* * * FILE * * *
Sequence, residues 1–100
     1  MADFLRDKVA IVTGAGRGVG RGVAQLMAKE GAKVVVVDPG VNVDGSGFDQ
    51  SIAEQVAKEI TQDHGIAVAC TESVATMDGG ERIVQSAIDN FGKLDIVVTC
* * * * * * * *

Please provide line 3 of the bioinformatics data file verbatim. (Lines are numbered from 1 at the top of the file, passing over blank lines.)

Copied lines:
    51  SIAEQVAKEI TQDHGIAVAC TESVATMDGG ERIVQSAIDN FGKLDIVVTC